Take the 2-minute tour ×
Stack Overflow is a question and answer site for professional and enthusiast programmers. It's 100% free, no registration required.

I was looking at java code in Clojure. I found the indentation to be very strange to me.

I'm pretty used to the indentation style by http://www.oracle.com/technetwork/java/javase/documentation/codeconventions-136091.html#262. And most of the IDEs have configured auto-format in this way. Why doesn't Clojure follow this style?

UPDATE:

I meant the part of Clojure implemented in java e.g. https://github.com/clojure/clojure/blob/master/src/jvm/clojure/lang/ARef.java

share|improve this question
    
What do you mean by "Java code in Clojure"? Whether or not you are interoperating with Java, Clojure looks nothing at all like Java. It uses a simple set of forms processed by a reader. Java has a LOT more syntax. –  Ray Toal Nov 14 '12 at 7:09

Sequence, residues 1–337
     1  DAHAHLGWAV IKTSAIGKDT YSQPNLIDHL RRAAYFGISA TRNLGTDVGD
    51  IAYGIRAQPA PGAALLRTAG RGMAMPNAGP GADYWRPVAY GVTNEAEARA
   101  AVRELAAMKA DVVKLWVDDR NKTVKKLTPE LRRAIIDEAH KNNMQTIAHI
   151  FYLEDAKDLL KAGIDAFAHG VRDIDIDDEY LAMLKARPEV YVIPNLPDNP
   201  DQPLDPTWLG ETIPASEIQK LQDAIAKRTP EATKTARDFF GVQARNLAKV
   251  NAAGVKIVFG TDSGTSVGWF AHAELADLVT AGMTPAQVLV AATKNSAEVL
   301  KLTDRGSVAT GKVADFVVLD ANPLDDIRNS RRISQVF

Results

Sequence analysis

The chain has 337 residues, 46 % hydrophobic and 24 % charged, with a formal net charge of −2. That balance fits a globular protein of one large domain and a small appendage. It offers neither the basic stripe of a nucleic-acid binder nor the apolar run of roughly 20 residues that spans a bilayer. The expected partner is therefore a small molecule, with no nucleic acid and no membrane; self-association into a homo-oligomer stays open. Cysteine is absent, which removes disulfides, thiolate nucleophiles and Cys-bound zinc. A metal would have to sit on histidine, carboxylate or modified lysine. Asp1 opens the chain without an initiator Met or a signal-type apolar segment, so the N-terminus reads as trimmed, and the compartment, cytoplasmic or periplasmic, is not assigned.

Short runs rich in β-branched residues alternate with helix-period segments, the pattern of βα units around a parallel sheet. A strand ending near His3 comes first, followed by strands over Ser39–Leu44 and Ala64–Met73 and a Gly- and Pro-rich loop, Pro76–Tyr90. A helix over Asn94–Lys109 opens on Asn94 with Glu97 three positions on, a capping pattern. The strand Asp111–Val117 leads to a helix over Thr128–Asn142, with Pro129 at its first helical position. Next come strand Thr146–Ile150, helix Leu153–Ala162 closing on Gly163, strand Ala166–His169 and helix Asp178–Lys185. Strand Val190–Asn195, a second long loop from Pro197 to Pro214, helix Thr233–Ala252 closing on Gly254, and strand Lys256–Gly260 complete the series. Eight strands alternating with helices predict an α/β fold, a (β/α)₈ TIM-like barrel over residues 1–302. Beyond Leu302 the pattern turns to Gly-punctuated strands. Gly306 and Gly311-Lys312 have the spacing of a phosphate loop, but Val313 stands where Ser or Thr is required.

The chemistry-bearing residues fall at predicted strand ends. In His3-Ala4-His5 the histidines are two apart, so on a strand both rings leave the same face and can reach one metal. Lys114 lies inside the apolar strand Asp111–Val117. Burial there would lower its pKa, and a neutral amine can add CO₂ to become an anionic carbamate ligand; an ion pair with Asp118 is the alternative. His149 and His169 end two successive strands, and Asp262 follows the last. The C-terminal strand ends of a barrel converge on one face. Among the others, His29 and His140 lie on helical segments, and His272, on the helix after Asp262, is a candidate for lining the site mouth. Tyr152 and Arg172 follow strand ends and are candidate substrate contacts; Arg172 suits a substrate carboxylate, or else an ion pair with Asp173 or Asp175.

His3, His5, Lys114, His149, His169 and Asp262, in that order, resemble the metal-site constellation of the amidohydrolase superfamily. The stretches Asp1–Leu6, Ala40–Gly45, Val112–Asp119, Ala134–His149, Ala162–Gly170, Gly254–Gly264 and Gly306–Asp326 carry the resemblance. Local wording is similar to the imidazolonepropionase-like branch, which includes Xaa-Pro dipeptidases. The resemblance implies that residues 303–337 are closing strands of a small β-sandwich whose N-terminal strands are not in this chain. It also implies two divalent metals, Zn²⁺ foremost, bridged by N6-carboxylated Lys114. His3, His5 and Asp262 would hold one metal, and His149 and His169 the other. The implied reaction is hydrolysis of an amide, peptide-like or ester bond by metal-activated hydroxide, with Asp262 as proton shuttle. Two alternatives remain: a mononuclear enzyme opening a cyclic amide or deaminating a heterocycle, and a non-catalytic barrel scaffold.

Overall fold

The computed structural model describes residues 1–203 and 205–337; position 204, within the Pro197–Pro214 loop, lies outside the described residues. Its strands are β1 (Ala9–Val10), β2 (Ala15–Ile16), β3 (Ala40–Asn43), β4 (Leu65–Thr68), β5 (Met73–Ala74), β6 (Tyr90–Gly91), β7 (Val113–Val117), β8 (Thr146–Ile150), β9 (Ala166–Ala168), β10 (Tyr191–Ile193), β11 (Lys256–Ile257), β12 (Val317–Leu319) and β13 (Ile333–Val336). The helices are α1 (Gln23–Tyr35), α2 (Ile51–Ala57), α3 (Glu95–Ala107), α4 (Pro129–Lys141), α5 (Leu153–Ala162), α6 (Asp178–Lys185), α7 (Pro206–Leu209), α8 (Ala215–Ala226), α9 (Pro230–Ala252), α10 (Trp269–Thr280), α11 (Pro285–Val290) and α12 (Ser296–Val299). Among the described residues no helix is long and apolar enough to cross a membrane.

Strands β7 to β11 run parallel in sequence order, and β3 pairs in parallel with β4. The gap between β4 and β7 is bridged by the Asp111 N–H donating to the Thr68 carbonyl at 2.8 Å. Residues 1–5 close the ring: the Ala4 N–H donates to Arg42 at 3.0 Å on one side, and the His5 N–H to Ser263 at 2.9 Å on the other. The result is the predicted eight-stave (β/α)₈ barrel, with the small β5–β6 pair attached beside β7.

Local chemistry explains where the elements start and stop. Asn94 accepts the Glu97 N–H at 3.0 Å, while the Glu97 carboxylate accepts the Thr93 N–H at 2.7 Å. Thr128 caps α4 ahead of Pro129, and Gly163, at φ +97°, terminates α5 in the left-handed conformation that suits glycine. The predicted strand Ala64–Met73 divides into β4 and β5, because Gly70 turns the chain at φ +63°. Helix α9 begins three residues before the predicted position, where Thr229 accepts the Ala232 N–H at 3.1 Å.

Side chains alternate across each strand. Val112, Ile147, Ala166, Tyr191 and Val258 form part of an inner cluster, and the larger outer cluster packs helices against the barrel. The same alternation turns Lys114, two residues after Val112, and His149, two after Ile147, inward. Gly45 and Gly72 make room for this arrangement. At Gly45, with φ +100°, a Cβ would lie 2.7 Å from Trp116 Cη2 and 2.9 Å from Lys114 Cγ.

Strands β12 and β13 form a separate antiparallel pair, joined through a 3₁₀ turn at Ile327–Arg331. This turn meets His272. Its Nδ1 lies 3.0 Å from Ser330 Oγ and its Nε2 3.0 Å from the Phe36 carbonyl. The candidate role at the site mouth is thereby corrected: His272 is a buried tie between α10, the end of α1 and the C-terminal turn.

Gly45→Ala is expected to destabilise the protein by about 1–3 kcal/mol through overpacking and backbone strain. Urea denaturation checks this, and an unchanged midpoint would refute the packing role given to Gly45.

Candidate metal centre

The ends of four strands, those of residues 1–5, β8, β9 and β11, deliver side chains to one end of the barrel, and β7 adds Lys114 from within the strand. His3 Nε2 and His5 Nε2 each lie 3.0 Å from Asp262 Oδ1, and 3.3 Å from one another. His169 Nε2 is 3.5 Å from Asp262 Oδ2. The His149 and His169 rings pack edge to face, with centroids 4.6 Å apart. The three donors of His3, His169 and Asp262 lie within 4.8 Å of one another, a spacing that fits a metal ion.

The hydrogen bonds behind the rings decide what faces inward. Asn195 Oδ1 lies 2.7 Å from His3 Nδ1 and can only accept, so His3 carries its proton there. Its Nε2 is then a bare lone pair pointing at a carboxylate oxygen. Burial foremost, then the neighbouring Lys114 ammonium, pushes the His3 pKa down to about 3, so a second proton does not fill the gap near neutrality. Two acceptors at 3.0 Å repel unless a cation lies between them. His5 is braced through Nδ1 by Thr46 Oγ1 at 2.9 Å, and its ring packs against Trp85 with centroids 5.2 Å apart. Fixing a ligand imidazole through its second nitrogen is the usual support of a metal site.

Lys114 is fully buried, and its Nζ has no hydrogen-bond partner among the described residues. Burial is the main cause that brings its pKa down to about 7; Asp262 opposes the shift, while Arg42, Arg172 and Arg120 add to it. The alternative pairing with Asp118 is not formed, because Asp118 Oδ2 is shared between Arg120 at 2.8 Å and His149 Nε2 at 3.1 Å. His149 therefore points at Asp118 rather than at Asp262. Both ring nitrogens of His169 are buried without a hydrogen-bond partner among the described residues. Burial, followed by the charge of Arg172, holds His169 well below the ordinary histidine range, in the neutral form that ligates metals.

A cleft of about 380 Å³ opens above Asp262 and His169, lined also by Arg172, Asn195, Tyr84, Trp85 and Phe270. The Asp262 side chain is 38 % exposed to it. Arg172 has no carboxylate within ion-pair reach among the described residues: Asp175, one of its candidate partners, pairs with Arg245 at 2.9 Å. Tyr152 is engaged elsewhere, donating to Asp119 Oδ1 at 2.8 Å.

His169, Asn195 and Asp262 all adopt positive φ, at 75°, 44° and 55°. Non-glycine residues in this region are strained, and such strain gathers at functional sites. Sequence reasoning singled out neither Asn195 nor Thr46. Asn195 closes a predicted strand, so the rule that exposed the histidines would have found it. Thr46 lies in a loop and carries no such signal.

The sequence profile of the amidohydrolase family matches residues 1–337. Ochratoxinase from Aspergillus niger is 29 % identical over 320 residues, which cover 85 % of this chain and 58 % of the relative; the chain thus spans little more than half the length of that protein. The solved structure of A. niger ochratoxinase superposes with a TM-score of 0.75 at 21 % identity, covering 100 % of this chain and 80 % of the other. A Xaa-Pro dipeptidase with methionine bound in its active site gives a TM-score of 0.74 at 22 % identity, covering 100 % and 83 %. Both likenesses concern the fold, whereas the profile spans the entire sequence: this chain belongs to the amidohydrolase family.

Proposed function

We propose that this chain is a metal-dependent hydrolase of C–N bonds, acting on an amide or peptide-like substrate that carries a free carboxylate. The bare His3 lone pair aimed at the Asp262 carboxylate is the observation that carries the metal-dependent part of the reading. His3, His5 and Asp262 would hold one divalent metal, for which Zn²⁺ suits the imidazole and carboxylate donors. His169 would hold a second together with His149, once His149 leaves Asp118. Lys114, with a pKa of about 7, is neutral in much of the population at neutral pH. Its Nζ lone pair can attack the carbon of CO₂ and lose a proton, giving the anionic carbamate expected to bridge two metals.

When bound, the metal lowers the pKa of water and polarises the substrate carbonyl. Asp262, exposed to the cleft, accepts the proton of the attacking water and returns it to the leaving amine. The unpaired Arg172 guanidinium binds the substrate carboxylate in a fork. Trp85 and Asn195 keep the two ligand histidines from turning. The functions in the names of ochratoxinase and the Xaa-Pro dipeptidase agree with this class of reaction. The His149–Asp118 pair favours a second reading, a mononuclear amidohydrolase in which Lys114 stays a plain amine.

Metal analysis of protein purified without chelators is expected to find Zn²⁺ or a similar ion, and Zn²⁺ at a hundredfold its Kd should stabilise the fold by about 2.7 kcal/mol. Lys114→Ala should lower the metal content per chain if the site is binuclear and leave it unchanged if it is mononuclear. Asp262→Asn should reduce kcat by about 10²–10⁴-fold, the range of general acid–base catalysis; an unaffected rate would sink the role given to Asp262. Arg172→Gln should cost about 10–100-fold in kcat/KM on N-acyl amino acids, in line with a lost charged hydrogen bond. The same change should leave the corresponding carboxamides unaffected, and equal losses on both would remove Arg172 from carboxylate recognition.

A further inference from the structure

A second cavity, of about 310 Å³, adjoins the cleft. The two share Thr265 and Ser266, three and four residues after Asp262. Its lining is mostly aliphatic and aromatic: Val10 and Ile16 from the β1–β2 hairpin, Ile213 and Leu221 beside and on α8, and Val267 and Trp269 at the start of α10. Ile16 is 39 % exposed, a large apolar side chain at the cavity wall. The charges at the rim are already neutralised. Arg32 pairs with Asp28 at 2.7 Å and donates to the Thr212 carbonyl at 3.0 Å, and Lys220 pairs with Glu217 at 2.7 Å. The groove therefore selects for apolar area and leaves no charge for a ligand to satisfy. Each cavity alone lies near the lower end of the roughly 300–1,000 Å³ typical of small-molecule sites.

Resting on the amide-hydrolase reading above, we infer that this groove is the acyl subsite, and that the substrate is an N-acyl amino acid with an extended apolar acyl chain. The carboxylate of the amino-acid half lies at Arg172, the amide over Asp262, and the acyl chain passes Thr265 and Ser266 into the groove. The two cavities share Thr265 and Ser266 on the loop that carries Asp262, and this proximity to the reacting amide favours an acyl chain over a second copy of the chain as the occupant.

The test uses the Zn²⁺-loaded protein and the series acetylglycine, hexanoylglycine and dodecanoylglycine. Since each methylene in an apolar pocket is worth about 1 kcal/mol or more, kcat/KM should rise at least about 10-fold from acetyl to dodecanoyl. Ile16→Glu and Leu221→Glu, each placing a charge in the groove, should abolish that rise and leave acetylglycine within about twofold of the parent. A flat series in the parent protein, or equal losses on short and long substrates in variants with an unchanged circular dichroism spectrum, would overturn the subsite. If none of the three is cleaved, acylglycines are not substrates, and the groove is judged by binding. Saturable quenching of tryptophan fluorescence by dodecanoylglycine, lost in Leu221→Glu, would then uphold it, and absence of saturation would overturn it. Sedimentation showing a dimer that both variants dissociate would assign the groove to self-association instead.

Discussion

@RayToal Sorry my question was confusing. I updated the question. –  woodings Nov 14 '12 at 7:17
    
Ah, yes, the update to the question helped a lot. –  Ray Toal Nov 14 '12 at 7:20
2  
@woodings I'd have to agree that it looks a bit weird, but probably the best way to find out is to go to #clojure and see if Rich shows up (or ask him on Twitter on something). You're not likely to find the answer here. –  Cubic Nov 14 '12 at 9:23

2 Answers 2

up vote 13 down vote accepted

The code you are referring to uses the Whitesmiths style of brace indentation.

It is a matter of personal preference. Nothing wrong with it, other than it is not very common.

share|improve this answer

Why follow Java indentation style? Clojure follows Lisp.

share|improve this answer
5  
I believe the OP's asking about the indentation of the Java portions of the official Clojure implementation - not about code that's written in Clojure. –  sepp2k Nov 14 '12 at 7:14
    
@sepp2k Thanks! You're right. I meant the java code in Clojure implementation. –  woodings Nov 14 '12 at 7:21

Your Answer

 
discard

By posting your answer, you agree to the privacy policy and terms of service.

Not the answer you're looking for? Browse other questions tagged or ask your own question.